The European Parliament supports the end of internal combustion engine vehicles in 2035

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The European Union is taking another step towards the end of combustion engine vehicles. The European Parliament on Wednesday backed the European Commission’s proposal to ban the manufacture of new CO2-emitting cars and vans from 2035.

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According to the proposal, all light-duty vehicles should now be either electric or hydrogen-powered. Support for the measure, which aims to achieve the goal of climate neutrality by 2050, was not fully assured as the Tories and some Liberals were betting on a relaxation of the target.

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The 2035 date allows for a 15-year transition period for industry adaptation. In fact, a good part of the builders had already come out in favor of or even anticipated the legislation.

The Volkswagen Group (ETR:VOW3), for example, already announced last summer that it would stop selling combustion engine vehicles in Europe between 2033 and 2035.

However, the European People’s Party (EPP), the most important in the European Parliament, had chosen to relax this veto. The ban on the sale of new cars and vans with hybrid and thermal engines (gasoline or diesel) in 2035 is linked to compliance with a 100% reduction in CO2 emissions from new passenger cars on that date by proposing to lower this objective at 90%.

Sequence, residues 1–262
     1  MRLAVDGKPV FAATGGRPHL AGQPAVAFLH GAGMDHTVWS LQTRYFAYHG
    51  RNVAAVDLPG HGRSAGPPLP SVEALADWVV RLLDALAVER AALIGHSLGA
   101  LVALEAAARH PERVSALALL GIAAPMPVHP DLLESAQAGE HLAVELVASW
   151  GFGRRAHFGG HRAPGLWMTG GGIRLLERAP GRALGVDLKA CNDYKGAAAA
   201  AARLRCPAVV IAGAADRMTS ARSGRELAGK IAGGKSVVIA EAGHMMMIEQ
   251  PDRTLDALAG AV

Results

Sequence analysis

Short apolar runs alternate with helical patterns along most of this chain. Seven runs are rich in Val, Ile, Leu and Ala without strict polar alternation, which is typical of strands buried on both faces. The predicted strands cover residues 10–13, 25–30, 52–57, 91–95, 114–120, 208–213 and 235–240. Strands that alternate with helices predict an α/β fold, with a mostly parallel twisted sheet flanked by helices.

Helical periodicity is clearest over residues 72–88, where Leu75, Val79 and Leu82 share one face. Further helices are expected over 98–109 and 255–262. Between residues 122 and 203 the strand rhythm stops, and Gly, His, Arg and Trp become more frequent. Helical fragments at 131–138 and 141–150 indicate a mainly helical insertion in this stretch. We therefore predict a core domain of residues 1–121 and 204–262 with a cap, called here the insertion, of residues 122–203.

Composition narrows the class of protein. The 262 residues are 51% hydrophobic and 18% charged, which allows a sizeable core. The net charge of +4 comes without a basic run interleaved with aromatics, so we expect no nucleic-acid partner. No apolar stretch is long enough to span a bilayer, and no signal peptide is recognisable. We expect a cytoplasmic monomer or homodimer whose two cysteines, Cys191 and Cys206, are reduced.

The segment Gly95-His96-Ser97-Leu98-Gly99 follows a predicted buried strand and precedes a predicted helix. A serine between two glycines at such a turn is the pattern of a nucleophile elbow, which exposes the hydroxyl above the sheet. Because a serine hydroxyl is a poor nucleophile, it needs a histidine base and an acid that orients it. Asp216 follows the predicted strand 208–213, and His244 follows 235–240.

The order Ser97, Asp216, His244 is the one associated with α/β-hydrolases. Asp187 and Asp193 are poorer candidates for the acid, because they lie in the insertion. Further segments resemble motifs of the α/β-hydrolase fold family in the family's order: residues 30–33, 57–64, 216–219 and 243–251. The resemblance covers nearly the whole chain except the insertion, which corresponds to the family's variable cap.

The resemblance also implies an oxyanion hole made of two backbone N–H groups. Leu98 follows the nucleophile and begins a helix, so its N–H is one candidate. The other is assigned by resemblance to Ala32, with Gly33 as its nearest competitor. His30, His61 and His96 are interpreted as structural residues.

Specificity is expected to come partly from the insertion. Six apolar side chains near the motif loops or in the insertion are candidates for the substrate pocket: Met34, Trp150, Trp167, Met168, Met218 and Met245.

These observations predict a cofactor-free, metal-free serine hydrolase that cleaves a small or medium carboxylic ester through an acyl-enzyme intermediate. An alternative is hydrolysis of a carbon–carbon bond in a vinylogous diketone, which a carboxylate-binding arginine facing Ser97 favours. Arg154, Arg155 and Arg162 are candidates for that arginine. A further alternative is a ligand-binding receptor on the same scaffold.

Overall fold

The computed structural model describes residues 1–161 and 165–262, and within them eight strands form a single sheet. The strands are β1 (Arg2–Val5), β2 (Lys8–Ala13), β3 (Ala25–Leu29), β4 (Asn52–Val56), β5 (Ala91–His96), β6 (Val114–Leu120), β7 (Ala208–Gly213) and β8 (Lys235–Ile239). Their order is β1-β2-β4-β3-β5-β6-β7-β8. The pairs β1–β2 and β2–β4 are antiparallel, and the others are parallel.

Goals

Conservative negotiator Jens Gieseke argued that the auto industry must be able to innovate in the field of alternative fuels and assured that “the end of combustion engines could put up to 500,000 jobs at risk”.

The Greens point out, however, that 15% of all greenhouse gas emissions in the EU come from road transport. Also, during the debate, the Vice-President of the European Commission in charge of the Green Deal criticized the fact that the EPP wants to “roll back” the European Union.

The aim is to stimulate the production, purchase and use of electric vehicles as much as possible.

The European Commission has pledged to enable up to 1 million charging points for electric vehicles in Europe by 2025, a figure still far from being reached according to the latest report from the EU Court of Auditors, which counted 250,000 points in 2020.

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